Story originally published in BioTalent Canada’s youth report: Growing the bio-economy: youth in focus
When hands-on summer programming got shut down by COVID-19 restrictions, Water Rangers’ new hire Juno Garrah took the outdoors online and helped the organization reach a wider audience than ever before. It was the first of many impacts she’s had since joining the non-profit with the help of BioTalent Canada’s Science Horizons Youth Internship Program.
Water Rangers helps protect Canadian waterways by providing “citizen scientists” with affordable test kits to do their own local water quality monitoring. Its educational programming gets kids out in the field to practice sample collection, and teaches them how to read and understand the results without having to go to a lab.
The summer programs are an integral part of Water Rangers’ work, says Water Rangers founder and executive director Kat Kavanagh, and bringing Juno on to support that effort was key.
“As a small social enterprise, we wouldn’t have been able to hire Juno without the BioTalent Canada subsidy — and we wouldn’t have adapted to the new format without her creative thinking,” Kavanagh explains. “Youth like Juno bring a different kind of energy for change that can really help push you along.”
Garrah set up Water Rangers’ virtual programming by converting her backyard — which edges onto the Ottawa Valley’s Mississippi River — into a live outdoor studio. The online format made it possible to engage kids as far away as Northern Ontario, Saskatchewan, BC and the Northwest Territories, expanding their traditionally local audience.
“It took some experimenting, but now we do all our programs online or over Zoom,” she says.
From sample collection to data aggregation
When summer programming wrapped up, Garrah turned her attention to the Water Rangers’ data platform, where users of the organization’s do-it-yourself water monitoring kits upload their results. She spent the fall and winter developing protocols to transfer the data automatically to DataStream, an aggregator that combines community, academic and government research into Canada’s most comprehensive water quality dataset.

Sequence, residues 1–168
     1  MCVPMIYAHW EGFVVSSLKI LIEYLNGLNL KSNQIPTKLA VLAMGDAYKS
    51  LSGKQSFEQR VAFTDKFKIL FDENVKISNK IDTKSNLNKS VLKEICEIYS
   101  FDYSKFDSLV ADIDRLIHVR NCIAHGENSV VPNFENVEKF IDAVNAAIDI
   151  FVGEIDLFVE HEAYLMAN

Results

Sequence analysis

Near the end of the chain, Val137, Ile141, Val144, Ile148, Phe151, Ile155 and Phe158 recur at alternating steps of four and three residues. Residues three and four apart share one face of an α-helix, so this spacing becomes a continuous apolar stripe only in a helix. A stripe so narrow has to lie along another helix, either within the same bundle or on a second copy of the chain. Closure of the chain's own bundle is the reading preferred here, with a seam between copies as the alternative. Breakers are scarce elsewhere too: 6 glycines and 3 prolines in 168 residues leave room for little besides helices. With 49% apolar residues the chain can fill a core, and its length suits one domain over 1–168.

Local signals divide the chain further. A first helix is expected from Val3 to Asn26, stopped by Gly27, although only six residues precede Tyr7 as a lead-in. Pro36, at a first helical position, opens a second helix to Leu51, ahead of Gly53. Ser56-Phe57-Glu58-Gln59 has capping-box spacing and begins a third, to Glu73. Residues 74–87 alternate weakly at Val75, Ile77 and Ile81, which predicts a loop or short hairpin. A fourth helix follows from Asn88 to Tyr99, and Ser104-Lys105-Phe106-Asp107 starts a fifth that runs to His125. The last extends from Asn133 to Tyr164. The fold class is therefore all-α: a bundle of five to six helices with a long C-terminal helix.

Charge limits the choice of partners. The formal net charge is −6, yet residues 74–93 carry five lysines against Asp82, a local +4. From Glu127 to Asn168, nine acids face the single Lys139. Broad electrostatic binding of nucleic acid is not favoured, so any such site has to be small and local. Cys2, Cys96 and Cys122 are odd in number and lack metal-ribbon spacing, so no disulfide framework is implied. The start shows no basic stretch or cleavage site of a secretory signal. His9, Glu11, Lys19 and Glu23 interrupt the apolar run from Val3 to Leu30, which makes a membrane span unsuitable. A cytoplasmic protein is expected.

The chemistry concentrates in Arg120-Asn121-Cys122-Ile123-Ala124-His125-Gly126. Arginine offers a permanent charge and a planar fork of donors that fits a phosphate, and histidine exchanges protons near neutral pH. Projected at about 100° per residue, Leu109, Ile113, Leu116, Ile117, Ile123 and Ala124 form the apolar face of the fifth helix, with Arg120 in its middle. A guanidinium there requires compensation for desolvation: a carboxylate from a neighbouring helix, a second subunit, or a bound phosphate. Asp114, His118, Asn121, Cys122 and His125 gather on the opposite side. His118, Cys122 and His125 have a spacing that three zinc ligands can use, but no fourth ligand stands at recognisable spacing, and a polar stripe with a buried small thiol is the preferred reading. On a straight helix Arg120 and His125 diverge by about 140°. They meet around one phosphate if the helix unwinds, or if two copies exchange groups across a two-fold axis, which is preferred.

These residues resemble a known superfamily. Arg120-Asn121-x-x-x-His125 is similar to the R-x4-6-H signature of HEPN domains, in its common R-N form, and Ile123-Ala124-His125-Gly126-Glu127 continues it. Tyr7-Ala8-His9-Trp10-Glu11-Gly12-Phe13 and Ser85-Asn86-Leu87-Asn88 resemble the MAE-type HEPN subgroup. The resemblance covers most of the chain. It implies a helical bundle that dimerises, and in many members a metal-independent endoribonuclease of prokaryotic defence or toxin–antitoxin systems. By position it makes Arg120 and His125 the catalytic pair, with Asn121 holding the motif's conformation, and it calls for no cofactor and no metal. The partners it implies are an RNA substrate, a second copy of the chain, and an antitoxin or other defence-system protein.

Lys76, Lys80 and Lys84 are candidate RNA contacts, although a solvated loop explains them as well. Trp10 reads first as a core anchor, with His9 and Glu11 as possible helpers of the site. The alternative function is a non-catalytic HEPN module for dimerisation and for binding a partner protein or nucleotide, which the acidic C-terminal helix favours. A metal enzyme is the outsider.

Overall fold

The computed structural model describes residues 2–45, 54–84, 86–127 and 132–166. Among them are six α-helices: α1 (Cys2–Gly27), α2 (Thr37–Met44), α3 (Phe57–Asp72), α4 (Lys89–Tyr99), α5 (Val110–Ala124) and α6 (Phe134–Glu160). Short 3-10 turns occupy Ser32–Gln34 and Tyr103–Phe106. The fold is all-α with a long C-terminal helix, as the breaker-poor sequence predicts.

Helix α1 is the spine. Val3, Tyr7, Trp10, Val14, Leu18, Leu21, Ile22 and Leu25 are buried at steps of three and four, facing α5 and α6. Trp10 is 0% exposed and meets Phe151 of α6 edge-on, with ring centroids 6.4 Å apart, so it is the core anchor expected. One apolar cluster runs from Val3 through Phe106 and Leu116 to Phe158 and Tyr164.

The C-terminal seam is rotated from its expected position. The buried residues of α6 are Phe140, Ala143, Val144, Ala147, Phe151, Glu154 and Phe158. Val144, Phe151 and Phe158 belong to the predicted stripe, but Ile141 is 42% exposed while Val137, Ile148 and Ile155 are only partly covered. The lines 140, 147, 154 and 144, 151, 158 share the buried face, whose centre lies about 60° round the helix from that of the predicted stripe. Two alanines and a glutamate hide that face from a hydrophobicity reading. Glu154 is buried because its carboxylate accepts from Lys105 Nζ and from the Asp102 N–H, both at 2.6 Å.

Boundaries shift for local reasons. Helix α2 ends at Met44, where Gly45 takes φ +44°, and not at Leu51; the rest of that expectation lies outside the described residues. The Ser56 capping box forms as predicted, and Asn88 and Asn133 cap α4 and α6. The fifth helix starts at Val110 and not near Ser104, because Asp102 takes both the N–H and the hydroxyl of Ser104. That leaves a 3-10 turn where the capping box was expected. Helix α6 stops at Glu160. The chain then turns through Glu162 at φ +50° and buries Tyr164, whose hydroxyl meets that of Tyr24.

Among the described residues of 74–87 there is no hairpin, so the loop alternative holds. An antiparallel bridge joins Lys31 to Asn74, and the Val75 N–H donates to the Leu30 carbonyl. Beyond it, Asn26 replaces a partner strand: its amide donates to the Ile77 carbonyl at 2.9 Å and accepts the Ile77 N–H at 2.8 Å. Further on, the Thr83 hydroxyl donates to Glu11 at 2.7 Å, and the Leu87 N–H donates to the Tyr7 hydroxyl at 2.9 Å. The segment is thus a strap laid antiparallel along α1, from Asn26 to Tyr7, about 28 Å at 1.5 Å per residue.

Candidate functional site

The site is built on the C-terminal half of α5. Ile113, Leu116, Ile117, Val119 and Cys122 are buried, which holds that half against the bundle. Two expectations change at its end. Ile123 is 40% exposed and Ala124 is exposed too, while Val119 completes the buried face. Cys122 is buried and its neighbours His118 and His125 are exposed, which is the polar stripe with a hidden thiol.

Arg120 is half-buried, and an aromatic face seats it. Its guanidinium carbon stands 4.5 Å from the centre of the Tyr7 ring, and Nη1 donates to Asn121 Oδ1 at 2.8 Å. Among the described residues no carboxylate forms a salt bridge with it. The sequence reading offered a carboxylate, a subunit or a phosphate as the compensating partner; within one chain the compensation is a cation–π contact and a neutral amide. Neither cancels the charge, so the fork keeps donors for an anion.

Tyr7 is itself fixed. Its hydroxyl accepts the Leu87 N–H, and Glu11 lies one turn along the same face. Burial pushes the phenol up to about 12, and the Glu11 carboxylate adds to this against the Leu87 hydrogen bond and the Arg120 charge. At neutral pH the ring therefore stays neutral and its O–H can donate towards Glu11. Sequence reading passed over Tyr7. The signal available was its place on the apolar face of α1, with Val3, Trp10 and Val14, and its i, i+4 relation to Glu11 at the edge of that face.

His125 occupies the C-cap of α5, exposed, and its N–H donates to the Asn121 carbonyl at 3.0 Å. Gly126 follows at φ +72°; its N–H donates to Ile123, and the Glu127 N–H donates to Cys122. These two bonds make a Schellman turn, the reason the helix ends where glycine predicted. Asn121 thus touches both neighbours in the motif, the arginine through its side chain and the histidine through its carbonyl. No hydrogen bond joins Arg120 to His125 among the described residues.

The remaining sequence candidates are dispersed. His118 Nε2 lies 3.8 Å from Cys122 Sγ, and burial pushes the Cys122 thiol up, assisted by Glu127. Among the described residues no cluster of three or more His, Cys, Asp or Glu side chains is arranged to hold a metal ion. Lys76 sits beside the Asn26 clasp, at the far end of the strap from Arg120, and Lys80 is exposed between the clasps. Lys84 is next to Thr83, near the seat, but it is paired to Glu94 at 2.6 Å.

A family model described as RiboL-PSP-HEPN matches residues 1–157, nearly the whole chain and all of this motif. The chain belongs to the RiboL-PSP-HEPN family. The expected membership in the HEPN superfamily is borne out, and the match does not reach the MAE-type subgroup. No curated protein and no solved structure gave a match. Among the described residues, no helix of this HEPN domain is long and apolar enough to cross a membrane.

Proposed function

“Wetlands and shorelines that protect waterways are degrading or disappearing as a result of climate change,” Kavanagh says. “And we still see runoffs from farming going directly into the water. Bringing as much data together as possible helps give an accurate and actionable picture of water quality across the country.”
The “desk job” experience
The opportunity to work a “desk job” developing the data-transfer software was a valuable part of the Science Horizons placement, Garrah says. “Most of my jobs before had been more physical and outdoor-based. Working in an office with a team is totally different. Being involved in planning and coordinating is great experience I can apply as I move forward in my career.”
“This was a great place to land right out of school Having a year-long contract gave me time to settle in and find my role so I could really contribute.”
The full-year length of the placement was also crucial, she says. “Contracts in ecology and conservation are usually shorter, so this was a great place to land right out of school. Having a year-long contract gave me time to settle in and find my role so I could really contribute.”
Water Rangers is now looking for funding to keep Garrah on permanently, Kavanagh says, so they can continue to capitalize on her passion for freshwater protection.
“The sheer abundance of freshwater in Canada makes it impossible for governments to test it all, and since good data are needed for informed policy decisions, enlisting citizen scientists is key,” she says. “We need champions like Juno to get the word out.”
This project was undertaken with the financial support of: